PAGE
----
Given-When-Then     149
    Breaking Down the Functional Stories     149
    Detailed Tasks     151
Developing the Map     153
Enhancing Your Stories     155
    Acceptance Criteria     155
    The People Involved     156
    Wireframes     157
Prioritizing the Map     158
    Dependencies Among Business Events     160
    Prioritizing the Tasks     160
    Periodic Reprioritization     160
Kanban     161
Minimum Viable Product     162
Quality Needs     163
Qualities: What Do They Look Like?     165
Qualities at the Product Level     168
Fit Criteria for Quality Needs     169
The Volere Template     170
    Look & Feel     170
    Usability     171
    Performance     171
    Operational and Environmental     171
    Maintainability and Support     171
Security     172
Cultural     172
Compliance     172
Exceptions and Alternatives     173
Stories and Development Cycles     174
Summary     177
Chapter 7:  Jack Be Nimble, Jack Be Quick     179
Jack Be Nimble     179
Wicked Problems and Gordian Knots     180
    The Next Right Answer     182
    Looking Outwards     183
    Continuous Improvement     183
    Why Are They Complaining?     185
    Enlightened Anarchy     186
Jack Be Quick     187
    Hour 1: Customer Segments     187
    Hour 2: Value Propositions     188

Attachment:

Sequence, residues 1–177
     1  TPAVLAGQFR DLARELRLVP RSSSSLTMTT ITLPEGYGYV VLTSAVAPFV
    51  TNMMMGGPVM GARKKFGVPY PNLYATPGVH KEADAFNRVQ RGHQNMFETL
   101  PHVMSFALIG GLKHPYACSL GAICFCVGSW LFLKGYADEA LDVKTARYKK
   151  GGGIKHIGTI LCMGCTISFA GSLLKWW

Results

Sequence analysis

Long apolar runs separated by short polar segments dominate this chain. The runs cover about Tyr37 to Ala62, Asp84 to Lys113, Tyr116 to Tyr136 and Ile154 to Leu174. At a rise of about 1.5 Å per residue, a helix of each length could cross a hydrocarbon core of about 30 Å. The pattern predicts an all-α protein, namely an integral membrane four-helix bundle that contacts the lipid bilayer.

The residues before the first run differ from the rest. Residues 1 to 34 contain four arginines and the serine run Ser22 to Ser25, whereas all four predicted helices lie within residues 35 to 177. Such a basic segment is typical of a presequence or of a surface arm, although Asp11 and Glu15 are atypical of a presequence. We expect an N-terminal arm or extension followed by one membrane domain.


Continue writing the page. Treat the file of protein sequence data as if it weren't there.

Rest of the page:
Hour 3: Solving the Right Problem     189
    Hour 4: Safe-to-Fail Probes     191
    The Rest of the Day and Some of Tomorrow: Design the Solution     192
    Jumpin’ Jack Flash     193
Jack and Jacqueline Jump over the Candlestick     194
    Jumping the Silos     194
    Avoiding Sign-Offs     196
    The Blue Zone     197
Agile Business Analysis and Iterative Development Cycles     198
    The Product Owner Coordinates     199
    The Discovery Activity Responds to Priorities     199
And Jill Came Tumbling After     201
    Documentation     202
Knowledge Artifacts     202
    Project Goals     202
    Solution Scope     204
    Story Maps     205
Jack Sprat Could Eat No Fat     205
Traditional Business Analysis     208
    Traditional Process     209
    Routine Problems     210
    Complicated Problems     211
    Complex Problems     211
The Requirements Document     212
They Have Licked the Platter Clean     214
Glossary     217
Bibliography     223
Index     227